A few Kiwi friends enjoying the US 12-Month Work and Travel Program.
We continue to work to improve and simplify even those straightforward procedures. For example, President Obama recently announced a new visa pilot program that will “simplify and speed up the non-immigrant visa process for certain applicants, including the ability to waive interviews for some very low-risk applicants.”
More specifically, that pilot program provides that Kiwis and applicants from other visa waiver countries who need to renew a US visa can now do so completely by mail if their visas have been expired for less than four years, as long as they meet certain standard conditions (such as you haven’t changed your name or nationality).
Also, as I have discussed previously, Kiwi students and recent graduates are eligible for a special visa that allows you to travel and work in the United States for a full year. The application process is quite simple, and the visa allows you to work and travel as you please for the year. It’s a great way to see the country, establish friendships, finance your adventure, and build experience.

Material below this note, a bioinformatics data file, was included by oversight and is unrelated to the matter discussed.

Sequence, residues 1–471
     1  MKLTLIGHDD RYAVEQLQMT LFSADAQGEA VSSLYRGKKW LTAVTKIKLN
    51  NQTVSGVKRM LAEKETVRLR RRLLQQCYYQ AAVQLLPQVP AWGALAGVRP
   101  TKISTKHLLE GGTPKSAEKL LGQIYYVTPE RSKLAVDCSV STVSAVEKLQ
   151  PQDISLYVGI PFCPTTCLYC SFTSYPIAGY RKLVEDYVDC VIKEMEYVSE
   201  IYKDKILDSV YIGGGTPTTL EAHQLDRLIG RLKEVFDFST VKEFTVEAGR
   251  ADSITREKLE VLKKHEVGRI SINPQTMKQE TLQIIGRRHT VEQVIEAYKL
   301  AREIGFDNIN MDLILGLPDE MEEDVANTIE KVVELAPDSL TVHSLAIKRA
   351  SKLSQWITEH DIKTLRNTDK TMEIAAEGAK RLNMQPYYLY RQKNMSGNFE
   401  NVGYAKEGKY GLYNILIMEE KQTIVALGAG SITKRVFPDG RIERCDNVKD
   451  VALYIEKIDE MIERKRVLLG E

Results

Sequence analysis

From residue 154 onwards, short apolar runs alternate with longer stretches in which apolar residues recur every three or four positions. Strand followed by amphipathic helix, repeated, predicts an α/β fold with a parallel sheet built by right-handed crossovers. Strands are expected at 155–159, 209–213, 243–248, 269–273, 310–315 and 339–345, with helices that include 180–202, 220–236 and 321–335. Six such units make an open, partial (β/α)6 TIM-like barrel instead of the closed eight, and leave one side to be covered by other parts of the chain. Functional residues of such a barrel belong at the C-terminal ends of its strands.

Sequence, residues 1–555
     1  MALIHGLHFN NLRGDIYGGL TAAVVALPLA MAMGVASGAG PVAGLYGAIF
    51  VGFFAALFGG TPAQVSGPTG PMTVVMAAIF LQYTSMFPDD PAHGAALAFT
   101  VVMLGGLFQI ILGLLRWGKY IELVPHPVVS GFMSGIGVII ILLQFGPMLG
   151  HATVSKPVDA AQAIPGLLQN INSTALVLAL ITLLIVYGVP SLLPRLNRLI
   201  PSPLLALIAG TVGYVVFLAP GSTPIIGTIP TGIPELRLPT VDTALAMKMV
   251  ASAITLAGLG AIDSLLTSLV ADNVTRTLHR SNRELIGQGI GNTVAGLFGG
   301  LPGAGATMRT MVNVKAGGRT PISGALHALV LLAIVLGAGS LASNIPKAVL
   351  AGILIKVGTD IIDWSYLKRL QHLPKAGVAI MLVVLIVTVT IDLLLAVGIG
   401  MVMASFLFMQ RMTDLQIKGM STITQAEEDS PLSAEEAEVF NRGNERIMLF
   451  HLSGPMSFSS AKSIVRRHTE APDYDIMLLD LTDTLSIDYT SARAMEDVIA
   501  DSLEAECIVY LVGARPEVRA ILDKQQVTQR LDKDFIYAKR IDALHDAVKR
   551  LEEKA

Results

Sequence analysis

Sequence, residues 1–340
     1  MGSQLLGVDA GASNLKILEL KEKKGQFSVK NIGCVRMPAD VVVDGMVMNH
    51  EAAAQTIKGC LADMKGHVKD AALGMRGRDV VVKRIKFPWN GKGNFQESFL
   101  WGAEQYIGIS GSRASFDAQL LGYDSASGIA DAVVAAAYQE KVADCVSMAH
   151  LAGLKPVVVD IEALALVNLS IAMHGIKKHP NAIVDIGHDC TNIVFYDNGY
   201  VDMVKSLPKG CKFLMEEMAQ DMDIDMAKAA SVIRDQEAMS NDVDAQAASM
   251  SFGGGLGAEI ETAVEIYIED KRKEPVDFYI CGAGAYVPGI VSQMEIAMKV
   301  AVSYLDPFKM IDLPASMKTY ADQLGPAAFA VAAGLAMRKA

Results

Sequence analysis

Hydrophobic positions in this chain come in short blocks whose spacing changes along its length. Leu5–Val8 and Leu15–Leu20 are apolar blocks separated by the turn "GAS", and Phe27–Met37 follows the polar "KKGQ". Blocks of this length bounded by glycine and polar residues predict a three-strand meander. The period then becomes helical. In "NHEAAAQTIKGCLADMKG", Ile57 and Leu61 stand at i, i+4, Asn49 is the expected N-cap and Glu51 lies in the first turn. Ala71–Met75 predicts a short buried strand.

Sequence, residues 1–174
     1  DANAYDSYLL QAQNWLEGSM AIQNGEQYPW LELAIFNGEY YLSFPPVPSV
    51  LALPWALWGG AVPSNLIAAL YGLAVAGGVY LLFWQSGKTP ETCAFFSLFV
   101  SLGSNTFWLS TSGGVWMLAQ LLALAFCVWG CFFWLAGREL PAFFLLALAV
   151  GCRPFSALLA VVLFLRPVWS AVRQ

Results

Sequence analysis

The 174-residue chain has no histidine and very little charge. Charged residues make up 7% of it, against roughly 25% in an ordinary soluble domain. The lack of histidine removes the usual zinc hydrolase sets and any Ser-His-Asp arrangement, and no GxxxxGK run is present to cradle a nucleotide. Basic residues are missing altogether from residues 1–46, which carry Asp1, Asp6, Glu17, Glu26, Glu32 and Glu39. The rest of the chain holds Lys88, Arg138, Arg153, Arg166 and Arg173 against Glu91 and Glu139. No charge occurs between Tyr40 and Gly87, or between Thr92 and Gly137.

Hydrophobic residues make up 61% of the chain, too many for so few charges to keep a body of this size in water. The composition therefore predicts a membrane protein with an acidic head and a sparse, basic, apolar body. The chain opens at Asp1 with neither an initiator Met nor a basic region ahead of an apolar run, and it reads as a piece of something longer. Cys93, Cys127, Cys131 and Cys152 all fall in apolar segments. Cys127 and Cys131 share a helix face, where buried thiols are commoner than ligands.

There is now an easy four-month version of the student work-travel program available as well. There is no need to arrange employment before you come to the States. You can enter the country and find temporary work, or not, as you go. To learn more about these 12- or 4-Month Student Work and Travel visas, refer back to my prior blog post and/or check out the podcast above.
There are many other cultural and educational exchange opportunities available to visit the US. Last year the Consulate General issued 2,303 visas for such programs. Our J-1 visa provides countless opportunities for international candidates looking to travel and gain experience in America. The multifaceted programs enable foreign nationals to come to the US to teach, study, conduct research, demonstrate special skills, or receive on the job training for periods ranging from a few weeks to several years. Exchange opportunities include programs for camp counselors, au pairs, interns, physicians, teachers, professors, and research scholars.
For more information about exchange and educational opportunities, take a look at the Embassy website. For more information about studying in the United States, contact our Educational Adviser (Drew) at the Consulate General and/or take a look at the podcast below.